Full Text Available We present a design of superconducting magnets, optimized for application in a gantry for proton therapy. We have introduced a new magnet design concept, called an alternating-gradient canted cosine theta (AG-CCT concept, which is compatible with an achromatic layout. This layout allows a large momentum acceptance. The 15 cm radius of the bore aperture enables the application of pencil beam scanning in front of the SC-magnet. The optical and dynamic performance of a gantry based on these magnets has been analyzed using the fields derived (via Biot-Savart law from the actual windings of the AG-CCT combined with the full equations of motion. The results show that with appropriate higher order correction, a large 3D volume can be rapidly scanned with little beam shape distortion. A very big advantage is that all this can be done while keeping the AG-CCT fields fixed. This reduces the need for fast field ramping of the superconducting magnets between the successive beam energies used for the scanning in depth and it is important for medical application since this reduces the technical risk (e.g., a quench associated with fast field changes in superconducting magnets. For proton gantries the corresponding superconducting magnet system holds promise of dramatic reduction in weight. For heavier ion gantries there may furthermore be a significant reduction in size.

  17. Technical assessment of the Loma Linda University proton therapy accelerator

    International Nuclear Information System (INIS)

    1989-10-01

    In April 1986, officials of Loma Linda University requested that Fermilab design and construct a 250 MeV proton synchrotron for radiotherapy, to be located at the Loma Linda University Medical Center. In June 1986 the project, having received all necessary approvals, commenced. In order to meet a desirable schedule providing for operation in early 1990, it was decided to erect such parts of the accelerator as were complete at Fermilab and conduct a precommissioning activity prior to the completion of the building at Loma Linda which will house the final radiotherapy facility. It was hoped that approximately one year would be saved by the precommissioning, and that important information would be obtained about the system so that improvements could be made during installation at Loma Linda. This report contains an analysis by Fermilab staff members of the information gained in the precommissioning activity and makes recommendations about steps to be taken to enhance the performance of the proton synchrotron at Loma Linda. In the design of the accelerator, effort was made to employ commercially available components, or to industrialize the products developed so that later versions of the accelerator could be produced industrially. The magnets could only be fabricated at Fermilab if the schedule was to be met, but efforts were made to transfer that technology to industry. Originally, it was planned to use a 1.7 MeV RFQ fabricated at the Lawrence Berkeley Laboratory as injector, but LBL would have found it difficult to meet the project schedule. After consideration of other options, for example a 3.4 MeV tandem accelerator, a supplier (AccSys Inc.) qualified itself to provide a 2 MeV RFQ on a schedule well matched to the project schedule. This choice was made, but a separate supplier was selected to develop and provide the 425 MHz power amplifier for the RFQ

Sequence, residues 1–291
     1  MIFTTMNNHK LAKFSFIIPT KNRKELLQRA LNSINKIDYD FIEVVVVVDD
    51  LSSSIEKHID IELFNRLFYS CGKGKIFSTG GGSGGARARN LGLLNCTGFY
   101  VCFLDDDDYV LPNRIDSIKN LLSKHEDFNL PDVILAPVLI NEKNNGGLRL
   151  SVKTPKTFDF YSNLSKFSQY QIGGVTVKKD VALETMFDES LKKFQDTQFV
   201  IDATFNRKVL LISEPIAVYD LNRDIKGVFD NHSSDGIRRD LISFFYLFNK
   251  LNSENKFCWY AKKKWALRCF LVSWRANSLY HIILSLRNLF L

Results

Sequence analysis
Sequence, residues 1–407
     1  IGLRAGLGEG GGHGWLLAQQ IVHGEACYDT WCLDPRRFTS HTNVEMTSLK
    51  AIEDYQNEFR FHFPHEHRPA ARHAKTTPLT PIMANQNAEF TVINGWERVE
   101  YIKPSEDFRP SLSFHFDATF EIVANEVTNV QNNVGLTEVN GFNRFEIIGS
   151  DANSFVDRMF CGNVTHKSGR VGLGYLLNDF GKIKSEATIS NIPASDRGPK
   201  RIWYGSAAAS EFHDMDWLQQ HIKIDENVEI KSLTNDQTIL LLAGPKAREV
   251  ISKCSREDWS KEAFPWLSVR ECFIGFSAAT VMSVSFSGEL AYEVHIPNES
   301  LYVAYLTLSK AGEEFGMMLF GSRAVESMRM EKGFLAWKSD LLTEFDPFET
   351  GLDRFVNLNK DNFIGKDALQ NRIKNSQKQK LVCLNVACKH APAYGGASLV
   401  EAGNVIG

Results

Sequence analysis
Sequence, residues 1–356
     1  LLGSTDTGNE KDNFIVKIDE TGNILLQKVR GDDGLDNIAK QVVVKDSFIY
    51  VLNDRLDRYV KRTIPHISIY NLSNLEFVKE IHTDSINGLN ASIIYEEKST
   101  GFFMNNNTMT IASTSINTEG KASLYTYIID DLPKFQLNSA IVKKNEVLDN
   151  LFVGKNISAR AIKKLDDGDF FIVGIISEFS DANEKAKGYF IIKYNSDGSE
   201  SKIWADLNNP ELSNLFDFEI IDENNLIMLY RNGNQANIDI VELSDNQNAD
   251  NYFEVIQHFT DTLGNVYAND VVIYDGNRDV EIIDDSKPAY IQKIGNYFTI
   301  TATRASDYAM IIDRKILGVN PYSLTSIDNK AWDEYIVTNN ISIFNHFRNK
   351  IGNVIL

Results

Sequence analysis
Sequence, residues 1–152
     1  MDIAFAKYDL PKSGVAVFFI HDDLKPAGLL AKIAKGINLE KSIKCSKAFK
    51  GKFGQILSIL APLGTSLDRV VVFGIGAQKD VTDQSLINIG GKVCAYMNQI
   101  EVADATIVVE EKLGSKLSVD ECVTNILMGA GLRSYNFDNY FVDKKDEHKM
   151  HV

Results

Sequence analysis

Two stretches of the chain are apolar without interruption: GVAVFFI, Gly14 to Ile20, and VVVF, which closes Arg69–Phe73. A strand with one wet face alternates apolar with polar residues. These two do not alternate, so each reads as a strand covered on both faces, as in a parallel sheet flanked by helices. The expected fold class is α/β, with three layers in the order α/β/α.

18. RF source for proton linear accelerator in Kyoto University

    International Nuclear Information System (INIS)

    Iwashita, Yoshihisa

    1987-01-01

    Construction of a 433 MHz, 7 MeV proton linear accelerator is currently underway in Kyoto University under a three-year plan starting in 1986. The ion source, power source for it, RFQ main unit, WR2100 waveguide and a set of klystrons for RFQ were installed last year, or the first year of the plan, and the power source for the klystrons for RFQ, a set of klystrons for STL, DTL main unit, etc., are planned to be installed this year. Operation has not started yet because of the absence of the power source for the klystrons. Thus this report is focused on the considerations made in selecting the acceleration frequency of 433 MHz, specifications of the klystrons and the structure of the power sources for them. Based on considerations of the efficiency and cost of the accelerating tubes and RF sources to be used, the acceleration frequencies of 433.33 MHz and 1,300 MHz were adopted. The klystron selected is Litton L5773, which has a peak power output of 1.25 Mw, average power output of 75 kW, maximum pulse width of 2,000 μS and duty of 6 percent, and it consists of four cavities. The structure and characteristics of a klystron are also described. (Nogami, K.)

  19. Report of the Fixed-Target Proton-Accelerator Group

    International Nuclear Information System (INIS)

    Abe, K.; Bunce, G.; Fisk, G.

    1982-01-01